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People take part in an 'abolish the police sit in' to mark Juneteenth, which commemorates the end of slavery in Texas, two years after the 1863 Emancipation Proclamation freed slaves elsewhere in the United States, amid nationwide protests against racial inequality in Toronto on June 19, 2020.CARLOS OSORIO/Reuters

The board overseeing Toronto’s police force heard a blistering critique of policing in the city during the first day of a virtual town hall scheduled to stretch over four days to accommodate overwhelming community interest.

The Toronto Police Services Board said it launched the town halls in the wake of protests over the police-involved deaths of Regis Korchinski-Paquet, a 29-year-old Toronto woman who died in May after her family called for mental-health assistance, and several unarmed Black Americans.

The protests have prompted cities across the continent to reassess the cost of policing in dollars and lives. While several cities in the U.S. have vowed to divert sizable chunks of police funding to mental health, housing, community anti-violence groups and other social programs, Canadian cities have been more reticent.

The town hall comes the week after city council voted down a motion to carve 10 per cent from the police budget and dedicate it toward social programs.

“I truly don’t understand why we’re holding this virtual town-hall meeting when you’ve all just increased the police budget by $15 million, while we’ve been chanting to defund the police,” said one speaker, Jazzmin, who did not provide her last name. “Will this meeting actually change anything? Are you finally listening?”

Several speakers echoed the sentiments of Black Lives Matter and other groups in demanding a reallocation of 50 per cent of the $1.2-billion Toronto police budget toward social services.

Board members sat through the 35 citizen speakers with few questions, except after a speech from one Torontonian, Rachel Bromberg, who pitched a civilian-led mental-health emergency service.

The project is called the Reach Out Response Network. It is modelled partly on CAHOOTS, a 30-year-old program in Eugene, Ore., that dispatches medics and mental-health workers to people in crisis instead of armed police.

CAHOOTS costs the city of Eugene, population 170,000, about $2.1-million a year to operate. Ms. Bromberg said the program saves $8.5-million a year in public safety money and spares about $14-million in hospital visits.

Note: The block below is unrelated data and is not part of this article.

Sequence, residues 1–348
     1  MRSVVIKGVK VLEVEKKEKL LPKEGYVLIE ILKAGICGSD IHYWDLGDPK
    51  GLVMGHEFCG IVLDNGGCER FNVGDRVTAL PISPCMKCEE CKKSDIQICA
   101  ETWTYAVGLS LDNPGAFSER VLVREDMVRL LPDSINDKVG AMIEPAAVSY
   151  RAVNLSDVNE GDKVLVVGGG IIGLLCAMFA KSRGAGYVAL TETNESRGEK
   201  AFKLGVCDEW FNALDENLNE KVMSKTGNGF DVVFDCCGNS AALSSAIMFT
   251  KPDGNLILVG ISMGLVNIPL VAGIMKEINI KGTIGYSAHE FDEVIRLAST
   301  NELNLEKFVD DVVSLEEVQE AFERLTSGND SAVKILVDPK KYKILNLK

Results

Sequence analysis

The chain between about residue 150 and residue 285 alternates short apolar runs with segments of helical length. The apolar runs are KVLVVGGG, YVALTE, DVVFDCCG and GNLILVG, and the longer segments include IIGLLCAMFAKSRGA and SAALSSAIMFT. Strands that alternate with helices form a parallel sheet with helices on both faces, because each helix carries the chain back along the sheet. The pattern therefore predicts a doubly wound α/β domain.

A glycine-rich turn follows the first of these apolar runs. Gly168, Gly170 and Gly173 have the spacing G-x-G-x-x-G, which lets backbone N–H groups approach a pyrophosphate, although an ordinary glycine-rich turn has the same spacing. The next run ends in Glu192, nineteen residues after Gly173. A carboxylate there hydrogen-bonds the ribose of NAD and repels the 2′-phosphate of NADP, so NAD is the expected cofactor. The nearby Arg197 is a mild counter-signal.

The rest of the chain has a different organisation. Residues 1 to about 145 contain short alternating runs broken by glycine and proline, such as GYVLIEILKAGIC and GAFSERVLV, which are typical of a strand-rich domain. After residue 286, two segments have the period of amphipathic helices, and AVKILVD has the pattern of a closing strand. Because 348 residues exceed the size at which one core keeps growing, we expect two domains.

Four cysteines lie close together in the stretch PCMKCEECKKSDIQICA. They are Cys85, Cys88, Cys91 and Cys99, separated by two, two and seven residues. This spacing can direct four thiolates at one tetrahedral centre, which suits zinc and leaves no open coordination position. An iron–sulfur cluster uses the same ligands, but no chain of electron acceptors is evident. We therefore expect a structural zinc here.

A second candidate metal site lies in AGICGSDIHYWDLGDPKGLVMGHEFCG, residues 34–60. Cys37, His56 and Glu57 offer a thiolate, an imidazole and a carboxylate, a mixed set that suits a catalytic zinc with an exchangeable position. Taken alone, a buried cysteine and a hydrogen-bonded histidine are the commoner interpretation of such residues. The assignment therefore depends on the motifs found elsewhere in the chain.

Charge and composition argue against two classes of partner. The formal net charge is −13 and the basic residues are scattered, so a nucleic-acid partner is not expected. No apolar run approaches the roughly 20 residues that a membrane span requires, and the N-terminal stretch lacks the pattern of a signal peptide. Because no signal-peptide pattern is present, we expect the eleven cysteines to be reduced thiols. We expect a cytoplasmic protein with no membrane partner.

She said Toronto should opt for a model that blends aspects of CAHOOTS and the Gerstein Centre. The latter offers mobile crisis teams in Toronto staffed by peer-support workers who’ve experienced many of the challenges they’re sent to treat.

“A person who is in so much pain that they want to die, doesn’t need an officer with a gun, a taser and handcuffs showing up at their door,” she said. “That person needs a gentle, compassionate, trauma-informed response by a well-trained mental-health expert.”

Currently, Toronto Police respond to 30,000 mental health calls a year – nearly a third of which are suicide calls.

Ms. Bromberg would like to see the project integrated into the 911 dispatch system and able to respond 24/7. Ideally, the service would also have a dedicated three-digit number such as 811, to ensure callers receive a non-police response.

“As a Black male who’s 6 foot 4, officers can see me as an intimidating presence,” said Asante Haughton, co-founder of Reach out Response Network, who’s experienced mental-health challenges. “We need to reduce the potential for things to go awry as a result of racial profiling or racial discrimination when people might get hurt when they really need to get help.”

Mayor John Tory and Councillor Michael Ford both expressed an interest in meeting and discussing the project further.

In all, 340 people have signed up to speak during the four days of the town hall.

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